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Burlesque makes a comeback

This article first appeared in the St. Louis Beacon, April 6, 2009 - Undulating onstage in fishnet hose, rhinestone-studded high heels, a sparkling black lace top and bikini bottom, petite, blonde Lola van Ella demonstrated exactly why "Whatever Lola wants, Lola gets."

All eyes -- men's and women's -- were on van Ella, during the March 28 Bacchanal Carnavale at the Koken Art Factory in St. Louis. In a carefully choreographed routine informed by a 20-year dance background, the 27-year-old shed her top to reveal a pearlescent green bra. But the biggest gasps came not when she "took it all off," but later, when she literally took off -- up into the air.

Suspended from the ceiling, her feet wrapped in long pieces of flowing fabric, Lola completed a 15-foot climb, performed an aerial split and then hung upside down. Whistling, clapping and shouts of "woo-hoo" emanated from at least 100 audience members.

"Performing is truly like a drug," said van Ella, who preferred to use only her stage name. "I love it."

Van Ella, Sturdy Gurlesque and Tomahawk Tassels -- all trained in St. Louis -- are three of only eight U.S. burlesque entertainers who were invited to perform at the London Burlesque Festival April 4. Tomahawk recently took her tassels to Minneapolis but approximately two dozen other local women are riding the wave of a burlesque renaissance in St. Louis. Many perform at least once a week at venues including Rue 13 sushi bar and nightclub, The Wedge pizza bar and Atomic Cowboy Tex-Mex restaurant and lounge.

"People are coming back to the idea of good old fashioned, saucy, sexy routine," said four-year burlesque veteran van Ella, who bills herself as the "derriere beyond compare."

Fiery Brand Of Entertainment

While the term "burlesque" dates back to 19th century England, it enjoyed its American heyday in the early 1930s, after U.S. performers added strip tease to what was formerly a theatrical parody. Today in St. Louis, where the entertainers remain covered by pasties and thongs, it's more "tease than strip," according to van Ella, who said it's all about the attitude. But local burlesque performers have taken the genre up several notches.

"I've been to the World Burlesque Festival in Las Vegas as well as burlesque shows in New Orleans, Chicago and New York," said Bacchanal Carnavale audience member Gail Griffin. "The caliber of talent in St. Louis is world-class."

That's because local entertainers offer something extra, said St. Louis performer Sturdy Gurlesque. "Every girl in St. Louis has some sort of other talent besides burlesque, like a gimmick -- whether it be singing, pole dancing, comedy or like me -- with fire," explained Gurlesque, who asked to keep her real name and age confidential.

After some friends taught Gurlesque how to play with fire, she paired her red-hot talent with burlesque two years ago. Gurlesque's sizzling act has her not only fanning the flames, but also swallowing them.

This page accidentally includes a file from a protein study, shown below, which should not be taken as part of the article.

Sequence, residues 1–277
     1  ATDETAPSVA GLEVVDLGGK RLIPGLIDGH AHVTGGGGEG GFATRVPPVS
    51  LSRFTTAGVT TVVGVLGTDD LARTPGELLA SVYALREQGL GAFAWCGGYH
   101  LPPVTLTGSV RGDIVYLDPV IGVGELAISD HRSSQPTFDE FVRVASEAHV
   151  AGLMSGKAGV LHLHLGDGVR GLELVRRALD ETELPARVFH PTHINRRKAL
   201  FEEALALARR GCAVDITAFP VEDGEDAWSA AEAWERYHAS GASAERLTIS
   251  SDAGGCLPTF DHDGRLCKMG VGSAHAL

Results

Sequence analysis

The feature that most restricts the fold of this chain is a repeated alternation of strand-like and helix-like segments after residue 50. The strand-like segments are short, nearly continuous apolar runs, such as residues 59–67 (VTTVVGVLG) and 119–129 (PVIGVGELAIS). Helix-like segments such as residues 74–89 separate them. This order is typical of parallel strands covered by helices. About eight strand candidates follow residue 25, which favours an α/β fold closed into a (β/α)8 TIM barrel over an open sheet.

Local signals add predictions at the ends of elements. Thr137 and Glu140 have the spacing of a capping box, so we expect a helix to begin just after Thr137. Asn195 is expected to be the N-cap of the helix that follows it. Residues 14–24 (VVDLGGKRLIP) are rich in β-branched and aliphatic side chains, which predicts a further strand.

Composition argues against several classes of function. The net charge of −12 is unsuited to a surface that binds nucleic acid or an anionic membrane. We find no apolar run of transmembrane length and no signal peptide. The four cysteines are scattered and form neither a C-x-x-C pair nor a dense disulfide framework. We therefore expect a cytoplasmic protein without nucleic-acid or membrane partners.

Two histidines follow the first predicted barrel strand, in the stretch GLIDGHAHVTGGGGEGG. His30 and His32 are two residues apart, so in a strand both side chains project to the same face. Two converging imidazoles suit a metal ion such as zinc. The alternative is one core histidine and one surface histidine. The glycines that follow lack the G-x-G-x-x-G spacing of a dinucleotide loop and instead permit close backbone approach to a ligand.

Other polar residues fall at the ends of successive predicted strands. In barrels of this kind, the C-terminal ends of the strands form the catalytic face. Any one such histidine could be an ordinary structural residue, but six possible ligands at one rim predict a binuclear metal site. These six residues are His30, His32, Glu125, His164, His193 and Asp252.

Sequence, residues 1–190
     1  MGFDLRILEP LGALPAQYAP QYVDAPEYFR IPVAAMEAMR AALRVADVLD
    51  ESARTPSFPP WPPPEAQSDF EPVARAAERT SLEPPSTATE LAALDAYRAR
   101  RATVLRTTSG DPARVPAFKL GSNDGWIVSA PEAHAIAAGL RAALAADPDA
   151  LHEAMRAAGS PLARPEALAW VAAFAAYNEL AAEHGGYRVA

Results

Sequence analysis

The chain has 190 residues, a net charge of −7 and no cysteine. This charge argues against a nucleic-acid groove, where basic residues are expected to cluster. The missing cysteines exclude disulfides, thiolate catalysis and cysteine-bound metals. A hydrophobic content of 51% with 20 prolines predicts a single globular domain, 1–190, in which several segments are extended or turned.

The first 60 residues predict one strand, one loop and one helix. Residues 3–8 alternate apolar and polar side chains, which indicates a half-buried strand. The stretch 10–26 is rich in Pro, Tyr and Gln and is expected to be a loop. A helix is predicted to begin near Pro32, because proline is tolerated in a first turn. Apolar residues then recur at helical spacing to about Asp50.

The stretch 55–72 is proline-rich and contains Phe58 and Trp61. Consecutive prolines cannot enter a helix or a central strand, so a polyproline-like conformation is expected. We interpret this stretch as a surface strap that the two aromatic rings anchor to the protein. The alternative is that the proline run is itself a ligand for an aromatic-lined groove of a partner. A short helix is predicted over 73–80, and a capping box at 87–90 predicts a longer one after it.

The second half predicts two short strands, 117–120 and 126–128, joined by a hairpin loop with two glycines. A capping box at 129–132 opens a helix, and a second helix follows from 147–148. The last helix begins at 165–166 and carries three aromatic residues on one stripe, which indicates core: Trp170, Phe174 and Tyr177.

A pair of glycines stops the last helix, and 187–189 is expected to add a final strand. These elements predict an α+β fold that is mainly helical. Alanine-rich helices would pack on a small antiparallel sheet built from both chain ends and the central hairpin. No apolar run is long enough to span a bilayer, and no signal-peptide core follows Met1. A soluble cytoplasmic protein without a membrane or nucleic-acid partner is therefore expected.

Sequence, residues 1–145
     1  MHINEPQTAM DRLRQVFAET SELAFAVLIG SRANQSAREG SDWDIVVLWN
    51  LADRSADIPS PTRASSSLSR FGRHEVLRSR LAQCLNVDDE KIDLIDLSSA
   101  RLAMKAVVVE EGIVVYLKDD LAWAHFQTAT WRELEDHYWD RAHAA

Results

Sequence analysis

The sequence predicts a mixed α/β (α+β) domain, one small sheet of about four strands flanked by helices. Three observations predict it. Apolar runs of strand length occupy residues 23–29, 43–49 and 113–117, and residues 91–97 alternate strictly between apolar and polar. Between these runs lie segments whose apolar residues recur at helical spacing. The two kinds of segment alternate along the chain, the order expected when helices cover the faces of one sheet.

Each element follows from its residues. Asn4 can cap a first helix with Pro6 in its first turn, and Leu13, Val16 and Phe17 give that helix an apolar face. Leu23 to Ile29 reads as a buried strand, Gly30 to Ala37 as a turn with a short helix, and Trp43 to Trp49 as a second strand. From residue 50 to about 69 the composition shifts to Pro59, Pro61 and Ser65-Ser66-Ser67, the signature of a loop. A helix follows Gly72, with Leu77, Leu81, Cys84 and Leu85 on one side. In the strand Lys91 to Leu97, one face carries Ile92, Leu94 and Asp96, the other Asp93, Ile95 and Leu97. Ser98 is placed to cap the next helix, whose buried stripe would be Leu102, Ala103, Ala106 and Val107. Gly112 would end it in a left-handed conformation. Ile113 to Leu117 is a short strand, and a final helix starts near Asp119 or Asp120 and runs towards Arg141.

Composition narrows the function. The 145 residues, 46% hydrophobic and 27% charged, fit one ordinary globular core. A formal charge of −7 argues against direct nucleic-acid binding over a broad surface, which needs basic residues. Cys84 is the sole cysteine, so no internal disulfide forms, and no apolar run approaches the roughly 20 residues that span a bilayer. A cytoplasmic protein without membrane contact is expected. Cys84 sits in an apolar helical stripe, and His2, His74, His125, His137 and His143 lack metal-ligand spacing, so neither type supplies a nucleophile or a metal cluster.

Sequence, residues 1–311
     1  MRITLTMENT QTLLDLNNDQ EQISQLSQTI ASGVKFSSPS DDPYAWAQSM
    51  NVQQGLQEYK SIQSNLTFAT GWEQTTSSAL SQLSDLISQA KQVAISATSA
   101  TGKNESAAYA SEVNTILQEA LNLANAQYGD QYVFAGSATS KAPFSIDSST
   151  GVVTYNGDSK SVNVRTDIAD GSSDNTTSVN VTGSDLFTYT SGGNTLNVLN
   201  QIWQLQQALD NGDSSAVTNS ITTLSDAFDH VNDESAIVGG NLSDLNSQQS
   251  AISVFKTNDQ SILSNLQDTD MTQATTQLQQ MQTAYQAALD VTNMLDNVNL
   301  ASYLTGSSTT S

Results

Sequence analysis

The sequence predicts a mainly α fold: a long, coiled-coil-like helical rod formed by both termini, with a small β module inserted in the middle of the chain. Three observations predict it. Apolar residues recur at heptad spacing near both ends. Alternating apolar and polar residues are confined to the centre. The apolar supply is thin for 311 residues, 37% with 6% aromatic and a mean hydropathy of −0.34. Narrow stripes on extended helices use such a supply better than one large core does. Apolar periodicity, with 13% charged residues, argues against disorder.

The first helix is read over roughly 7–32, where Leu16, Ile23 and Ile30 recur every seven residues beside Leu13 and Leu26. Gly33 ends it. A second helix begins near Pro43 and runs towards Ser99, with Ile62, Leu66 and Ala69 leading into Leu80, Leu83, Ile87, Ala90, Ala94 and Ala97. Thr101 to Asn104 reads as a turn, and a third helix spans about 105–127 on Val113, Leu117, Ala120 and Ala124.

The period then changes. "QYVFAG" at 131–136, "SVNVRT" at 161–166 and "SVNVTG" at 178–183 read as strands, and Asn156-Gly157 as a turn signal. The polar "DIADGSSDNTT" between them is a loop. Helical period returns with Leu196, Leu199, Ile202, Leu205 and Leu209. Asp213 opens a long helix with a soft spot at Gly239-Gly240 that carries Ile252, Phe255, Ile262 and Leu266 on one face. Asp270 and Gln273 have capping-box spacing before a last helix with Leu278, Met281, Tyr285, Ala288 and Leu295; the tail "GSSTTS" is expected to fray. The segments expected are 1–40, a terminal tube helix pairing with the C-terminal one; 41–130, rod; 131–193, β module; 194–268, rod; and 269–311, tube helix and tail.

"If you do it right it doesn't feel like much of anything -- it's just warm," Gurlesque said. "If you do it wrong, it feels like you've burned your tongue with hot coffee."

But she admits the hazards of the trade sometimes include scorched lips and other body parts.

"Once, I made the bad mistake of wearing a costume that had fringe, and the fringe caught on fire," Gurlesque remembered. "My left boob was on fire. I had to smash it out with my hand and act like nothing happened."

Empowering Women

As a full-figure woman, Gurlesque appreciates the gratitude of women who thank her for demonstrating you don't have to be a size four to be sexy.

"They're happy to see what they feel is a real woman on stage, who isn't your magazine representation of what a woman is, or needs to be," Gurlesque said.

What these entertainers keep on is as important as what they take off. And making sure those tassels stay in place isn't always easy. Some burlesque performers use duct tape, but van Ella prefers spirit gum. And what about those times when the flesh is willing but the spirit is weak? Almost every dancer has had a wardrobe malfunction.

"You just kind of go, 'Oops,' and the audience laughs with you, and you kind of of cover with a boa and go on," van Ella explained.

Even with all the props and accompanying talent, burlesque does, by today's definition, involve baring some skin. But that in no way makes it demeaning to women, both entertainers said.

"I'm completely in control of what I'm doing. You can't be demeaned if you're proud and working it and loving what you're doing," said van Ella, who also teaches classes in the art of burlesque.

"I'm doing this because I want to do it, and it makes me feel so empowered and womanly," Gurlesque added.

Even experts disagree over the issue, and opinions are plentiful.

"People feel very strongly about this issue -- it even divides feminists," said St. Louis relationship counselor and sex therapist Linda Weiner. "Some feminists feel it's a product of male domination over women and women's bodies, and others would say, 'If they've got the body, why not do it?' "

"Go for it" seemed to be the consensus of St. Louisans who turned out for the Koken Art Factory event.

"I think it gives St. Louis a slightly cosmopolitan edge," said show-goer Chris Thach.

Deanne Ayers, Koken co-owner agreed: "There are more people out there than you'd think who like this kind of thing."

Nancy Larson is a freelance writer.

Nancy is a veteran journalist whose career spans television, radio, print and online media. Her passions include the arts and social justice, and she particularly delights in the stories of people living and working in that intersection.

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